Polish your lesson and post it on E Learning by 9 PM Your attendance of this “virtual” class will be documented by the submission of your lesson. Midterm grades posted

March 4 March 8

Mini-lesson 1 ________________________
Mini-lesson 2 ___________________________ Discussion of reading Reading Assignment to be completed before March 10: “Measuring Student Progress,” Ch. 11, Burke Text; write a 1-page reflection on the reading.

March 10

Focus on Assessment Activity: Construct a rubric and score a set of papers One-page reflection due Before March 22: Review the objectives for teaching grammar and composition. Choose one grammar and one composition objective for your inclass lesson. Brainstorm possible activities for your lesson.

March 14-19 March 22

Spring Break Writing lessons about grammar: during this class, you will write a grammar/composition lesson using materials furnished by the instructor.

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For Next Time: Polish and type your grammar/composition lesson March 24 Submit lessons for instructor review Mini-Lesson 3 _________________________________ Mini-lesson 4 ______________________________________ Special topic: The Needs of Boys in Language Arts Classes Reading assignment to be discussed March 29: “Composing a Curriculum,” Ch. 10, Burke text March 29 Introduction to the thematic unit/Discussion of reading Return of Lesson 2 (with scored rubric) Mini-Lesson 5 ___________________________________________ Before March 31: Write field observation paper March 31 Paper on field observation (2-3 pp.) due; in-class check of progress on field observation hours. Bring your documentation sheet to class. Check of ideas for thematic unit Construction of the preliminary skeleton unit Mini-Lesson 6 ____________________________________________ Before April 5: Gather the materials you will need to create your thematic unit. Bring these materials and a laptop or notepad so that you can work on your unit in class next week. April 5 Workshop session on creating the thematic unit. Bring the resources you will need, including a laptop if you have one. Mini-Lesson 7 ______________________________________________ Before April 7: Complete the rough draft of your thematic unit. Make copies of the unit draft for your workshop group and the instructor (3 copies). April 7 Peer analysis, review, and assessment of unit plans Mini-Lesson 8 ___________________________________________ Before April 12: Revise unit plan according to the advice of your group April 12 At-home work on thematic units and PowerPoints (no class meeting) Post Unit on E-Learning by 9 PM Monday to get credit for this “virtual” class. . Read-around of thematic units Mini-Lesson 9 ___________________________________ Mini-Lesson 10 __________________________________ Reading assignment to be discussed April 19: “New Directions in Teaching English: Implications,” pp. 319-275, Burke text April 19 Mini-Lesson 11 _______________________________________ Mini-Lesson 12 _______________________________________ Discussion of Reading/Read-around of thematic Units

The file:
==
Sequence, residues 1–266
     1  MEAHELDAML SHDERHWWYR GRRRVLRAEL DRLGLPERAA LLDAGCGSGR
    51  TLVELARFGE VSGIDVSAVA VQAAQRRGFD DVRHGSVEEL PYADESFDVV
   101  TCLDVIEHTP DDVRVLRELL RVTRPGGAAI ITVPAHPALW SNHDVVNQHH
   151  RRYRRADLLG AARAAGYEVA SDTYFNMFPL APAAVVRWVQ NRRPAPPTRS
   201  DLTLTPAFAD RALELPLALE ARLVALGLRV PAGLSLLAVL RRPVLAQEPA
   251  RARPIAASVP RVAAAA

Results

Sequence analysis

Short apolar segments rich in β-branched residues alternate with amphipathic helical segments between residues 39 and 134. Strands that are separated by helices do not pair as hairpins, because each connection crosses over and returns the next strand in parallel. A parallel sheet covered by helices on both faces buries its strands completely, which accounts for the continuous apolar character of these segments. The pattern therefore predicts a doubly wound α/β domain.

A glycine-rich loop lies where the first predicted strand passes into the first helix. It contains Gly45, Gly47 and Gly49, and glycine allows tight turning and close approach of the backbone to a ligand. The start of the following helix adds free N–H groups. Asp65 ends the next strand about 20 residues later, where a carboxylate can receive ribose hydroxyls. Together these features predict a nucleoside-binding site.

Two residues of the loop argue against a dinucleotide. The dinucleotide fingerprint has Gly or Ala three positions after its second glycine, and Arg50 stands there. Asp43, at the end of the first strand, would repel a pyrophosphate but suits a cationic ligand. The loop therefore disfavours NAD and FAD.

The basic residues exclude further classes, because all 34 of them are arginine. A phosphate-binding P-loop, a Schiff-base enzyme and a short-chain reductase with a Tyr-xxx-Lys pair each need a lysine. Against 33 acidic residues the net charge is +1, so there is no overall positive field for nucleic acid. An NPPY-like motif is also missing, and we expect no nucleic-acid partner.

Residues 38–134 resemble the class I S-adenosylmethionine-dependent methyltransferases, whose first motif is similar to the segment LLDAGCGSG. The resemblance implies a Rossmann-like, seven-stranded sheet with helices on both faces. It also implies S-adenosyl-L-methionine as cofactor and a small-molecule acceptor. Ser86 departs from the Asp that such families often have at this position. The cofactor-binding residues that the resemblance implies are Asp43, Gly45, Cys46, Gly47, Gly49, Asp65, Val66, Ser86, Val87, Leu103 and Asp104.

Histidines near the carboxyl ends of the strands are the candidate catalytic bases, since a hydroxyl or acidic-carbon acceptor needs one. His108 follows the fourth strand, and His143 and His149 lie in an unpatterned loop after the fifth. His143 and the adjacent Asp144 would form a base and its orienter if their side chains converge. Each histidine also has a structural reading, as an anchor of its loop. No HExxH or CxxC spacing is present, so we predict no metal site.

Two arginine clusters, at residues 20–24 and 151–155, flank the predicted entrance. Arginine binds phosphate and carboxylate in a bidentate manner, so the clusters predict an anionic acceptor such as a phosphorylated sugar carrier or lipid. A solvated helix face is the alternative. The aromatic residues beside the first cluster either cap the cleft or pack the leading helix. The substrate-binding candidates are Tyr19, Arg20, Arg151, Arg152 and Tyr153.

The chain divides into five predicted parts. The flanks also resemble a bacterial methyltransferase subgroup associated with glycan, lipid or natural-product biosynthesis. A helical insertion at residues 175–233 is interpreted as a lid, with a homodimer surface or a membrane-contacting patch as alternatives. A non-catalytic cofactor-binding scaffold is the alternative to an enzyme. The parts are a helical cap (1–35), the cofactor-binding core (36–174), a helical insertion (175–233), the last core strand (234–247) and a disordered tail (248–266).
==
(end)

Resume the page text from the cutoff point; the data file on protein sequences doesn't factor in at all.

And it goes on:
April 14

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Reading assignment to be completed before April 21: “From Becoming to Being an English Teacher,” pp. 440-497, Burke text. Prepare a one-page reflection on the reading. April 21 Mini-Lesson 13 _______________________________________ Mini-Lesson 14 _______________________________________ Discussion of Reading/Read-around of units One-page reflection due

Before April 26: Make sure all of your observation hours have been completed. Bring documentation of your observation hours to class.

April 26

Mini-lesson 15 _________________________________________
Mini-lesson 16 _______________________________________________ Special topic: The Disengaged Student Before April 28: Make sure all of your observation hours have been completed. Bring documentation of your observation hours to class.

April 28

Final Exam Review Discussion of student teaching issues and concerns Observation hours due Reading Day—class does not meet 5:30-6:45 PM: Final Examination/Course Evaluation

May 3 May 5

To access university policies and regulations, please go to